Videos of the Era

Videos of the 20s Era : Setting the Scene

The Great Gatsby : Defining the Jazz Age

“...The decade is remembered, perhaps romanticised, for being all about sex, alcohol and jazz…”

~ The Jazz Age


The Great Gatsby is a 1925 novel written by American author F. Scott Fitzgerald and follows a cast of characters living in a fictional town on prosperous Long Island. The Great Gatsby tells the story of the Fitzgerald-like, would-be writer Nick Carraway as he leaves the Midwest and comes to New York City in the spring of 1922, an era of loosening morals, glittering jazz and bootleg kings. Chasing his own American Dream, Nick lands next door to a mysterious, party-giving millionaire, Jay Gatsby, and across the bay from his cousin Daisy and her philandering, blue-blooded husband Tom Buchanan.


The story primarily concerns the young and mysterious millionaire Jay Gatsby and his quixotic passion for the beautiful Daisy Buchanan. It is thus, and through the narrative of Gatsby’s and Daisy’s love affair, that Nick is drawn into the captivating world of the super rich, their illusions, loves and deceits. The novel provides a critical social history of America during the Roaring Twenties within its narrative. That era, known for unprecedented economic prosperity, the evolution of jazz music, flapper culture, bootlegging and other criminal activity, is creatively depicted in Fitzgerald's novel ~ and the book has become renowned for evoking the feeling of an entire era. Considered to be Fitzgerald's magnum opus, The Great Gatsby explores themes of decadence, idealism, resistance to change, social upheaval, and excess, creating a portrait of the Jazz Age.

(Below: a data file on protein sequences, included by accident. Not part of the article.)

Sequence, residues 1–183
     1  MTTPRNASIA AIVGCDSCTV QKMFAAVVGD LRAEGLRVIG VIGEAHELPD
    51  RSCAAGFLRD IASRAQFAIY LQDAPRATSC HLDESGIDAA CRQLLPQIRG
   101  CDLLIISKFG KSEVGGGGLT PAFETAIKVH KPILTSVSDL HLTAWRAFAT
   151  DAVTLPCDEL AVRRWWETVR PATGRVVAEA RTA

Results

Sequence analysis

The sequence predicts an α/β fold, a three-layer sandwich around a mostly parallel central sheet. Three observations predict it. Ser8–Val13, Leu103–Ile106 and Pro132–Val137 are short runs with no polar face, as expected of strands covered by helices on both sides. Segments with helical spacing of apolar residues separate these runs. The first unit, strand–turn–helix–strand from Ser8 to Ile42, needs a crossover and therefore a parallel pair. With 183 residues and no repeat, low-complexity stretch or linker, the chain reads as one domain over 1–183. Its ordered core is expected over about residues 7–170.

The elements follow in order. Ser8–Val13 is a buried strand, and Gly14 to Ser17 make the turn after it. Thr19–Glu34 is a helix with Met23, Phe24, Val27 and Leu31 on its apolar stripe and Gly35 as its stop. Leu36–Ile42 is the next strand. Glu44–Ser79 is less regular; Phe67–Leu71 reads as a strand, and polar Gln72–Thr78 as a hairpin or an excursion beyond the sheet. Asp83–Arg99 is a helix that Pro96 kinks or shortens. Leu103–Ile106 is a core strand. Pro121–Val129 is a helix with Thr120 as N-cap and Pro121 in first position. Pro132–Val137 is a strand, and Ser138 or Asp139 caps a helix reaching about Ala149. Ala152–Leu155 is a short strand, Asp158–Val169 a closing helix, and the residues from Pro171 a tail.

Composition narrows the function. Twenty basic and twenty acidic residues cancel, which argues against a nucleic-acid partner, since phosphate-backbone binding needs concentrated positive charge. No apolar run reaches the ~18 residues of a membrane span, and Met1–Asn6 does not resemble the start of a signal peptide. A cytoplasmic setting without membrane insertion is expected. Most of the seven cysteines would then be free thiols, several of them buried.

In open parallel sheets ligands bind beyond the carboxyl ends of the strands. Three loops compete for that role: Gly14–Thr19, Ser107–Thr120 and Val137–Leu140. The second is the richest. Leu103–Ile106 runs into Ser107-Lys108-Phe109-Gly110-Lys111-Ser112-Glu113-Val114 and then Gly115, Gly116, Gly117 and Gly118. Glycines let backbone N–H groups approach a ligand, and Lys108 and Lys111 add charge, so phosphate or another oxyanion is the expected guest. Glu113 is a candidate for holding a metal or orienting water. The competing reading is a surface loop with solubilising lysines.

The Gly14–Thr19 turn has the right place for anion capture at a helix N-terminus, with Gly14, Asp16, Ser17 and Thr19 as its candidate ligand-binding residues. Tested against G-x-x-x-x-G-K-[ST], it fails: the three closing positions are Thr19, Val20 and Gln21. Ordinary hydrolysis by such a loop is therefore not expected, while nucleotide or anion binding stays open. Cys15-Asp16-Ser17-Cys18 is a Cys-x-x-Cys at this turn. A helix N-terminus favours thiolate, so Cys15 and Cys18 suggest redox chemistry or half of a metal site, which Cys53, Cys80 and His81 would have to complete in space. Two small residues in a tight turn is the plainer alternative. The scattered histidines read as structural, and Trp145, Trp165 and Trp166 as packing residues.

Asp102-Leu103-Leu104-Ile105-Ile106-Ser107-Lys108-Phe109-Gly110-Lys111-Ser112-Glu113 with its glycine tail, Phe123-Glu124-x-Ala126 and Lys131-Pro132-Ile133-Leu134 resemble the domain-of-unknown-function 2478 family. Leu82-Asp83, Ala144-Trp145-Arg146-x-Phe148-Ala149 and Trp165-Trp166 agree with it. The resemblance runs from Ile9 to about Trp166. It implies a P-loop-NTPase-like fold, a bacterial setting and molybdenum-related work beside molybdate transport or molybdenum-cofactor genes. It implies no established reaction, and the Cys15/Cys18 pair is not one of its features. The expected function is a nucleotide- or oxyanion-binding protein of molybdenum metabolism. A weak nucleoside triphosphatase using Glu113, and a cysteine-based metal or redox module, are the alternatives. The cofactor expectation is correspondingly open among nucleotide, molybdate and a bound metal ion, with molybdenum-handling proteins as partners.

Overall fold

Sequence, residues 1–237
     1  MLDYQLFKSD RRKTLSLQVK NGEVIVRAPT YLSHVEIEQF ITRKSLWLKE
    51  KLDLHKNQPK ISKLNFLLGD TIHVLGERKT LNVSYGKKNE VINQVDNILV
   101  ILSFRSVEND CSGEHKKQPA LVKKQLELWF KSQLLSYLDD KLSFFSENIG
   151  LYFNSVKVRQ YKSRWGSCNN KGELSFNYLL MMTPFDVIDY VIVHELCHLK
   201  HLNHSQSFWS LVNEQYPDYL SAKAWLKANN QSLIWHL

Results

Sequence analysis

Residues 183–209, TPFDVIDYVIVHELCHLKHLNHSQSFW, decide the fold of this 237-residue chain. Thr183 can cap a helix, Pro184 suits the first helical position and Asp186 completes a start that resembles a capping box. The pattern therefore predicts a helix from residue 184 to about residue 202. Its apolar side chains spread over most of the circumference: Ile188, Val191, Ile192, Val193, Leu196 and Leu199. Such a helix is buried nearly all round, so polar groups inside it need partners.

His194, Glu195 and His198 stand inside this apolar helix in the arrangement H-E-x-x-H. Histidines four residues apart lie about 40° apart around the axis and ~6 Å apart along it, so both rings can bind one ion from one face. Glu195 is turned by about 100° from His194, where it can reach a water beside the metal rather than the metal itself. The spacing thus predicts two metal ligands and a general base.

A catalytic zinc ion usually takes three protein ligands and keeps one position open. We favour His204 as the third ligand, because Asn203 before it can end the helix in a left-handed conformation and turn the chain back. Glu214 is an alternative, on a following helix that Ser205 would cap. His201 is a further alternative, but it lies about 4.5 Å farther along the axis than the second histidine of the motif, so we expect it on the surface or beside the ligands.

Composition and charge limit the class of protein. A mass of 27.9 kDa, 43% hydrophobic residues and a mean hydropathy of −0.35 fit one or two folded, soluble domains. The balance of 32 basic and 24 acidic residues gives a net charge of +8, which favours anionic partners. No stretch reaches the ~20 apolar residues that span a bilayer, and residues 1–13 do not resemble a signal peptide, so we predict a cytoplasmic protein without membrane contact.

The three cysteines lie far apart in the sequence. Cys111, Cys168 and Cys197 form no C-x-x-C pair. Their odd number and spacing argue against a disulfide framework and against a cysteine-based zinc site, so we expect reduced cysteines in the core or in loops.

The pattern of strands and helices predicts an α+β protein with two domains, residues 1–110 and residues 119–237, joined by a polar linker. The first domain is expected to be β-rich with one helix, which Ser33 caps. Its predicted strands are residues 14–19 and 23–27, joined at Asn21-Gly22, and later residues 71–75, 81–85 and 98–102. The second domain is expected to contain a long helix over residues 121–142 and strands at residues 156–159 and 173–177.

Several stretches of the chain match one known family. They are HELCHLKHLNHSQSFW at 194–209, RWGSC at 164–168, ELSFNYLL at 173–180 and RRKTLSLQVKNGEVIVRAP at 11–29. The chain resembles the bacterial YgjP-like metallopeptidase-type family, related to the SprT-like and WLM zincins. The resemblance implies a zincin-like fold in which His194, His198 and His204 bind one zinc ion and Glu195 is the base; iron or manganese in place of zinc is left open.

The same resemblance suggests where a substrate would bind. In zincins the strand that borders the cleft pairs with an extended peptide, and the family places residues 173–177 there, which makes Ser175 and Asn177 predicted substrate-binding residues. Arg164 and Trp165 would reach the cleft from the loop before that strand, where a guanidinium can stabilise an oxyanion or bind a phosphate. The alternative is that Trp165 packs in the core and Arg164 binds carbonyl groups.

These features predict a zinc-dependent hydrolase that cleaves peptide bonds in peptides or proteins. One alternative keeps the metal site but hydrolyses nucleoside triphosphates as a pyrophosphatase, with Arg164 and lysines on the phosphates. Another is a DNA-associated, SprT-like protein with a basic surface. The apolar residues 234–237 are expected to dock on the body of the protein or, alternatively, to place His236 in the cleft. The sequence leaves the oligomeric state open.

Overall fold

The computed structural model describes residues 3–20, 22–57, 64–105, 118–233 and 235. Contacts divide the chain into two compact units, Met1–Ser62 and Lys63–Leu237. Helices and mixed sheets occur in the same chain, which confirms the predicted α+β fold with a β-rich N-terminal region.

Fitzgerald, inspired by the parties he had attended while visiting Long Island's elite, began planning the novel in 1923 desiring to produce, in his words: "...Something new - something extraordinary and beautiful and simple and intricately patterned."

First published in April 1925, The Great Gatsby received mixed reviews and sold poorly; in its first year, the book sold only 20,000 copies. Fitzgerald died in 1940, believing himself to be a failure and his work forgotten. However, his work, spearheaded by The Great Gatsby, experienced a revival during World War II, and the novel became a vital part of American high school curricula in the following decades. The Great Gatsby is widely considered to be a literary classic and a contender for the title "Great American Novel" ~ it is consistently ranked among the greatest works of American literature. The book has remained popular ever since the renewed interest in Fitzgerald’s work during the second world war, selling millions and millions of copies worldwide, and this fascination with the story has lead to numerous stage and film adaptations. The most recent film was produced in 2012 – please see the trailer videos below.


New York 1922, the tempo of the city had changed sharply...

The Building’s were higher, the parties were bigger, the morals were looser and the liquor was cheaper...



A quick sampler of the soundtrack to 'The Great Gatsby'

Video tracklisting:

1. Bang Bang – (0:01)
2. A Little Party Never Killed Nobody (All We Got) – Fergie, Q Tip & GoonRock (0:31)
3. Young And Beautiful – Lana Del Rey (1:01)